attitude

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cop an attitude

Sl. to take a negative or opposite attitude about something. My teenage son copped an attitude when I asked why he seemed to be sneaking around.
See also: attitude, cop

devil-may-care attitude

 and devil-may-care manner
a very casual attitude; a worry-free or carefree attitude. You must get rid of your devil-may-care attitude if you want to succeed. She acts so thoughtless—with her devil-may-care manner.
See also: attitude

have a bad attitude

to have a negative outlook on things; to be uncooperative. Perry has a bad attitude and has nothing positive to contribute to the conversation.
See also: attitude, bad, have

wait-and-see attitude

Fig. a skeptical attitude; an uncertain attitude in which someone will just wait to see what happens before reacting. John thought that Mary couldn't do it, but he took a wait-and-see attitude. His wait-and-see attitude seemed to indicate that he didn't really care what happened.
See also: attitude

attitude-adjuster

n. a police officer’s nightstick; any club. Andy had a black attitude-adjuster hanging from his belt, and I wasn’t going to argue with him.

cop an attitude

tv. to take a negative or opposite attitude about something. (see also tude.) I think you’re copping an attitude. Not advised, dude. Not advised.
See also: attitude, cop

pull an attitude

tv. to be haughty; to put on airs. Don’t pull an attitude with me, chum!
See also: attitude, pull
References in classic literature ?
So I faced round quickly, and took up a position in the prow, where I leant with careless grace upon the hitcher, in an attitude suggestive of agility and strength.
This young lady loves you with an H,' the King said, introducing Alice in the hope of turning off the Messenger's attention from himself--but it was no use--the Anglo-Saxon attitudes only got more extraordinary every moment, while the great eyes rolled wildly from side to side.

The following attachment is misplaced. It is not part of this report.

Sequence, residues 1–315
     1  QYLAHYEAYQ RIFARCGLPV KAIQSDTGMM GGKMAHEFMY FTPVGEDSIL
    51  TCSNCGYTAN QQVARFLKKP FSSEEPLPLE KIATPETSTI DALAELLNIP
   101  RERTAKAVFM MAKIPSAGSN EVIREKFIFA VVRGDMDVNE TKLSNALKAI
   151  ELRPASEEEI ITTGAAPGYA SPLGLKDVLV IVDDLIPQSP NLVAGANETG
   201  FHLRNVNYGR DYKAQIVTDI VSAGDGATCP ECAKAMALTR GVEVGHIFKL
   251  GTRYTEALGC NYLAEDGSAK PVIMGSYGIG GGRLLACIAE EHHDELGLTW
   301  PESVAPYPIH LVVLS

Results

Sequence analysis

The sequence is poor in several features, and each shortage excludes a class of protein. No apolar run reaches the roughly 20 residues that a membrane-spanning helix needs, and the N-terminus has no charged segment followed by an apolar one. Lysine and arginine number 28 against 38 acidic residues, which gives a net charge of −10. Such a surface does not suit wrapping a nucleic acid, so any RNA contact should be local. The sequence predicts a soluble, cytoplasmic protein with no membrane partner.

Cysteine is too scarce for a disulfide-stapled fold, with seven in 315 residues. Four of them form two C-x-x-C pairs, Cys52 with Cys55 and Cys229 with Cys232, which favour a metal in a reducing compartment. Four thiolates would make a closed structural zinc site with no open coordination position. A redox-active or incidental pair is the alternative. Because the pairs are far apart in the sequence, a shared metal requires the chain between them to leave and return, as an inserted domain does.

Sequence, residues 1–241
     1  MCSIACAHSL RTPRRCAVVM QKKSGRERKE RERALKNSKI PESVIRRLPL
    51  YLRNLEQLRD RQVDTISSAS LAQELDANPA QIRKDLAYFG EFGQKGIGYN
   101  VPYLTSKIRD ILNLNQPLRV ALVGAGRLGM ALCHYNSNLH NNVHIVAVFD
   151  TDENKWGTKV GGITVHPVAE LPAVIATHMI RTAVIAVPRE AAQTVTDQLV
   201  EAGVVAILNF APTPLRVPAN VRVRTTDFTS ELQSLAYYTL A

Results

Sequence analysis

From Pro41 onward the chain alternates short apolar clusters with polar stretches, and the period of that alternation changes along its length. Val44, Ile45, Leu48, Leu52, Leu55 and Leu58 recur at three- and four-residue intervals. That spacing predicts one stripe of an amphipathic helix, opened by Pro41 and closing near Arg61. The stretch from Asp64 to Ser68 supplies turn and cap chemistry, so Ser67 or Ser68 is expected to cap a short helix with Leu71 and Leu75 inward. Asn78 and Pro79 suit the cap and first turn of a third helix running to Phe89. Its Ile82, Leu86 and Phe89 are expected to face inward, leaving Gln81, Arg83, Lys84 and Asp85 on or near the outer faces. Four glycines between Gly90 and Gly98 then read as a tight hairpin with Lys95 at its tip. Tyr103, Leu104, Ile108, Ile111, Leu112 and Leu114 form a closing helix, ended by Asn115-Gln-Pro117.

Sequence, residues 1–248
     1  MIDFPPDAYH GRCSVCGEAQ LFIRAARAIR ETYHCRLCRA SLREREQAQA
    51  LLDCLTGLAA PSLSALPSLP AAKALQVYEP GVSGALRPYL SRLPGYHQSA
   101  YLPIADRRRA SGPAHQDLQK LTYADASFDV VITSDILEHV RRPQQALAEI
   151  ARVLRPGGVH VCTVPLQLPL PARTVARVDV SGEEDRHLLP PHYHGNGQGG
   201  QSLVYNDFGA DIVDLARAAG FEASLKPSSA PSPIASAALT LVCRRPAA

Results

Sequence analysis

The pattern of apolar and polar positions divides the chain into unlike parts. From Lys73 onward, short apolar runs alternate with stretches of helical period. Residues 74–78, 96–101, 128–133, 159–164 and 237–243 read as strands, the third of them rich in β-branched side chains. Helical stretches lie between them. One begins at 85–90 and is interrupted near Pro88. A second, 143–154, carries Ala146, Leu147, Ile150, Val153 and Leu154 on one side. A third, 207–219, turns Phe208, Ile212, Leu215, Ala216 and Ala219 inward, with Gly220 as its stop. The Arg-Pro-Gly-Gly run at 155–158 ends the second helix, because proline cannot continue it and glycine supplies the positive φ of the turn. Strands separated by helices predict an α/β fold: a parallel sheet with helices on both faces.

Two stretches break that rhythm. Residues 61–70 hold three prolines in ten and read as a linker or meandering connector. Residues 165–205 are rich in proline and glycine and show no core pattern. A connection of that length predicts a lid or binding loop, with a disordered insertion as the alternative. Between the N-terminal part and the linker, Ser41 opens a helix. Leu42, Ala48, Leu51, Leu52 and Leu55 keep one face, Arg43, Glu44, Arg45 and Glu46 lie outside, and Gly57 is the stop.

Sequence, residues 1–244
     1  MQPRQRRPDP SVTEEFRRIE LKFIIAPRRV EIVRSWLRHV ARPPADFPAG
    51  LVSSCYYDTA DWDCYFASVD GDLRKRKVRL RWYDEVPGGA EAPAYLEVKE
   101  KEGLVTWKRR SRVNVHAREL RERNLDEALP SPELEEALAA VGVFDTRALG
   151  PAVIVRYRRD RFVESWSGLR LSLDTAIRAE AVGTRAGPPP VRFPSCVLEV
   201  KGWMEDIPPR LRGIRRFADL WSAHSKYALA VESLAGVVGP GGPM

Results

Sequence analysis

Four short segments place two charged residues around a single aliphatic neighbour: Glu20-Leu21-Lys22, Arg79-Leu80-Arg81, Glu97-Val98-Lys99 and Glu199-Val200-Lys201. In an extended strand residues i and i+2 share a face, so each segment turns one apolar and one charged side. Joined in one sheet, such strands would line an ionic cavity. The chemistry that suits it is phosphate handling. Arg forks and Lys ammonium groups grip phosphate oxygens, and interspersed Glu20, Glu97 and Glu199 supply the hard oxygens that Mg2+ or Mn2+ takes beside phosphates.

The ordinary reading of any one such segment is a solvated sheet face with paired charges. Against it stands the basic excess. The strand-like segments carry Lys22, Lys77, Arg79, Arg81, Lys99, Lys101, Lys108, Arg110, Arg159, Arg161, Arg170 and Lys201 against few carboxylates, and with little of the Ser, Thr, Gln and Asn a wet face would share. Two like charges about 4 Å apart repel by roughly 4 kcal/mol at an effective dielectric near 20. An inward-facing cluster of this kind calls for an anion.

It is only the men of her kind who war upon us, and I have ever thought that their attitude toward us is but the reflection of ours toward them.
Of all youth's passions and pleasures, this is the most common and least alloyed; and every flash of Alan's black eyes; every aspect of his curly head; every graceful reach, every easy, stand-off attitude of waiting; ay, and down to his shirt-sleeves and wrist-links, were seen by John through a luxurious glory.
While within the influence of the lingering sunbeams, her attitude seemed indicative of joy -- but sorrow deformed it as she passed within the shade.
Anna Mikhaylovna indicated by her attitude her consciousness of the pathetic importance of these last moments of meeting between the father and son.
This indifferent, if not hostile, attitude on William's part made it impossible to break off without animosity, largely and completely.
Von Horn had attempted to sound the girl that he might, if possible, discover her attitude toward the work in which her father and he were engaged.
Norman of Torn could scarce repress a smile at this clever ruse of the old priest, and, assuming a similar attitude, he replied in French:
You are adopting an attitude, sir," he said, "which, however much I may admire it from one point of view, seems to me scarcely to take into account the facts of the situation.
When he paused to contemplate the attitude of the police toward himself and his fellows, he believed that they were the only men in the city who had no rights.
His attitude had in it a suggestion of abstraction, like that of a sleepwalker.
Something in the attitude made the intruders halt when they had barely passed the threshold.
Its attitude is summed up in the words of the Muses to the writer of the "Theogony": `We can tell many a feigned tale to look like truth, but we can, when we will, utter the truth' ("Theogony"
A man of the present period, in Sir Patrick's position, would have struck an attitude of (what is called) chivalrous respect; and would have addressed Anne in a tone of ready-made sympathy, which it was simply impossible for a stranger really to feel.
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